It’s been nearly four months since I submitted my Preliminary Review Form. How much longer would it take until I heard from them either yay or nay? They review the information you submit and then tell you if you can proceed with your application. Oh my the waiting…………………….
Yes, that’s me, jumping for joy. I received a phone call yesterday from the very nice lady who had reviewed my preliminary form. She was happy to tell me that I could now proceed with my official application. AND!!!! That she is confident I should be able to join the society. WOOHOO!!
Now what? What is the next step and what do I need to do?
As with any society everything revolves around proving who you are and how you are descended from the patriot, the first settler or in this case the Mayflower passenger.
My mind was a whirl of thoughts as I started going over the documents and proof that I would need.
The very good news is that my 4th great grandfather has been proven. His name is Isaac DOTEN (1768-1852). I will need to provide proof of his marriage and everything down the line all the way to me.
(PLEASE CLICK ON ANY IMAGE TO ENLARGE IT)
|Look at that. Everyone I need information on is already in my tree. The red lines indicate the ancestors who lead me directly to the DOTEN line I'm trying to prove.|
What does that entail? First of all, I’ve been a researcher for a long while now, over 16 years. During that time I have recorded everything I could find about my direct line ancestors. I use Legacy as my database, as well as having a working tree on Ancestry. One thing I have is LOTS of records. Some I have downloaded from various websites and others I’ve ordered directly from counties or states.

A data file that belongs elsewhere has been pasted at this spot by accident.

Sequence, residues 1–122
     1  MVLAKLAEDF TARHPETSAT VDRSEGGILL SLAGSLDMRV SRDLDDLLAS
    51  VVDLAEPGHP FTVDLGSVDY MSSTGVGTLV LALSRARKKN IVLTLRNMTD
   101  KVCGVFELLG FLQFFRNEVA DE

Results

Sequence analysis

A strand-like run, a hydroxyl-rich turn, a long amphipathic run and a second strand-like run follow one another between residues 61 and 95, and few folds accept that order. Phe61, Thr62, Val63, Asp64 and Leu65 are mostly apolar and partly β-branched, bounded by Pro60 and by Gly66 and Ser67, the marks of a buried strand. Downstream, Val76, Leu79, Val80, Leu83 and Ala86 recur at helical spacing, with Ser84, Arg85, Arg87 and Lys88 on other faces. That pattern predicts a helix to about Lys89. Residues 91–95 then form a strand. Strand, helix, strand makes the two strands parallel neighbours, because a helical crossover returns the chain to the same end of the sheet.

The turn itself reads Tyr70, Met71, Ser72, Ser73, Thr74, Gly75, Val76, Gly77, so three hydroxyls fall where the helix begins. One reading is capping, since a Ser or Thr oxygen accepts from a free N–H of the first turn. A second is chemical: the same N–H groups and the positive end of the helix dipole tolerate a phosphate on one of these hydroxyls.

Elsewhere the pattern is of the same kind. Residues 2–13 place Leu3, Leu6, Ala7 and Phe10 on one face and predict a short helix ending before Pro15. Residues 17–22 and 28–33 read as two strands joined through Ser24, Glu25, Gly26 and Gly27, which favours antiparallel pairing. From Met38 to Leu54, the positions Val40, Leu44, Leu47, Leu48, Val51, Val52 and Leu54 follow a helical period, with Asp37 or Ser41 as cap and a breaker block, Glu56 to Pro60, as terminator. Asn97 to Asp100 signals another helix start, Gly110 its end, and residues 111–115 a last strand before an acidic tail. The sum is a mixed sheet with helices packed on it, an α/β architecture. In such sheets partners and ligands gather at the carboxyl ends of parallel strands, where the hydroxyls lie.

Here’s the types of records you need to begin an application process such as this one. I’ll begin with me and list all the ancestors for whom I’ll need to gather records and what type of records I might need. This is just a list off the top of my head and there may be more.
Me – Birth, Marriage
My Dad, Harry Norman Gould – Birth, marriage, death
My grandfather, Harry Whipple Gould – Birth, marriage, death
My great grandfather, William V. Gould – Birth, marriage, death, obituary
My 2nd great grandmother, Sarah Hart – Birth, marriage death, obituary, census records
My 3rd great grandmother, Olive Doten Hart – Birth, marriage, death, obituary, headstone, probate record of her father
My 4th great grandmother, Sally Follett – marriage, death, obituary, headstone, probate record
Doesn’t seem so bad, does it? After all, those are the records we try to collect for all of our ancestors, right? We’re talking about mostly records from the mid 1800’s. That shouldn’t be too difficult. Plus, as a thorough researcher I really should have most of these records already recorded, along with the images of those records.
The answer is YES. I should have all of that. Once I began to review my files I found I did have many, if not most of those records. But, oh my, do those records have the information I’m seeking? Are they all complete? Was the information recorded properly?
Stay tuned for my next post to find out how many ways things can be recorded and what might it mean to my application process.
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